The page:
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U3A Writing: The Well: 4 Sarah

Paddy Webb continues her account in verse of the life of her great grandfather John Charles Ayling, the first of three generations of elder sons of that name.

This story, set between the end of the 19th and the beginning of the 20th Centuries, is based on the recollections of Paddy’s grandmother.

I was washing up when Mum knocked at the kitchen door.
I knew it must be
Something bad if she had walked all
The way to the Hall, wearing her best dress and shawl.

Cook quickly had her in and sat her at the table. Make your mother some tea, Sarah, and then you may sit and talk. Mum and Mrs Johnson know each other from being in service, That's how I got my position.

Mum cried when she told me about Jack, Twisting her hands and wiping her eyes. But I did not know where he was.

When she had gone I went back to the dishes But I kept sniffing, thinking of Jack being lost. You may take half an hour and go to your room, Sarah, Mrs Johnson said.

Thank you Ma'am, but may I go outside? She paused, then said I could go for the vegetables. We kitchen girls are not allowed in the garden, Even the gardeners must not be seen from the house. Cook knew Will Angel worked in the walled garden.

I fetched my bonnet and walked down the steps Into the kitchen yard, mossy, cool and in shadow. Then I followed the path to the wooden gate in the wall. I love the world of colour and scent inside, fruit trees Spread eagled against the wall, neat rows of vegetables And of fruit, glasshouses with their warm damp smell, The beds of coloured flowers to decorate the house, And smell of fresh turned earth, the scratch of working hoes. I could see Will weeding onions and gave a little wave. He winked at me. I like Will Angel. He's older than me. I'm fourteen, since I had my last birthday.

I carried the vegetables back in a basket, tiny carrots, Green peas, small pearly potatoes and red strawberries. When I went through the gate Will was waiting for me. He popped a strawberry in my mouth and the juice Ran down my chin in a tiny crimson river. Back in the kitchen the washing up was done. Cook said I could make scones with her. Some cooks sell recipes But ours teaches us girls and makes us write them down. Afterwards, she said Not bad, which is the best she gives. They wouldn't do for upstairs, but I could put them On a tray when she and Mr Walker took tea. In our house Cook and Butler take tea in the afternoon.

Staff that serve dinner get a bite in the servants' hall, but The rest of us have supper when all is done, cheese mostly. I've taken trays to the nursery, but not to the drawing room. But when Sally leaves to get wed, Mr Walker says I may be considered, on days when there's no visitors.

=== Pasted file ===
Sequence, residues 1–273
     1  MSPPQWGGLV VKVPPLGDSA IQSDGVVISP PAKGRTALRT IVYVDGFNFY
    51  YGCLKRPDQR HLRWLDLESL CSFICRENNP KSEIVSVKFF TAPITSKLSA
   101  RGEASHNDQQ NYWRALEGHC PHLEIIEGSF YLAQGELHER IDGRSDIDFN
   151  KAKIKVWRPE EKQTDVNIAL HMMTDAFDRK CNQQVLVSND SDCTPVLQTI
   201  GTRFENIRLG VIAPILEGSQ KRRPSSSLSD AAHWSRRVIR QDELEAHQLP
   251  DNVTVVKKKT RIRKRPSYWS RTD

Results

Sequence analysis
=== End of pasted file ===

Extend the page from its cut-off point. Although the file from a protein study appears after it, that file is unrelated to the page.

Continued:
When Sunday came Cook said I could visit Mum, when The lunch things were washed, gave me some jam to take. But I had to be back by the time evensong was over. It's a long walk. I saw Will sitting on a wall. He asked If he might go with me, and I said Yes, if no one saw. When we were almost there he promised to meet me When the church bell rang and see me safely back.

Mum was sitting on the garden seat when I reached home, Dark smudges under her eyes. Dad was heaving up Great clods of earth. You could see the devil was on his Shoulder and they had had a row. The little ones Were playing fives tones in the sunshine on the step.

Inside the room was just as I remembered, Though smaller, after being at the Hall. The fire was smouldering in the range A big black kettle steaming on the hob. Mum's tea jar was still on the mantelpiece. There was a smell of stew, and musty damp. Dad's high backed wooden chair was pushed Hard against the cupboard, which he does to annoy. The blue rag rug was in front of the fire, How I hated having to help, bodging the strips Through the sacking till my fingers hurt.

The scullery was cold and dark and damp. I took a scoop of water from the bucket by the door. We have fresh water at the Hall, comes in a pipe All the way to the kitchen, and proper toilets Even for the servants. I share a room with Cissy But we have our own beds, not top and tail With the little ones like I had to do at home.

After a bit Dad scraped his spade till it gleamed,
Put it in the shed and headed for the river.
The little girls trailed off to swing on the gate.
I made a cup of tea for Mum, sat and talked.
Be good, she said when the bell started for evensong,
Don't bring me no trouble, girl.
Nellie walked with me a bit. Told me that Mum
Had thrown a pan of sausages at Dad.
They picked them off the floor and ate them for lunch.

When she was gone Will appeared again. It was exciting having someone walk me back With the birds singing, honeysuckle in the air. The low sun made our shadows long on the ground And when Will Angel took my hand, I could see it In the shadow picture, though I dare not look at him. That's better, said Cook when I got in. The walk has given you a bit of colour, girl.


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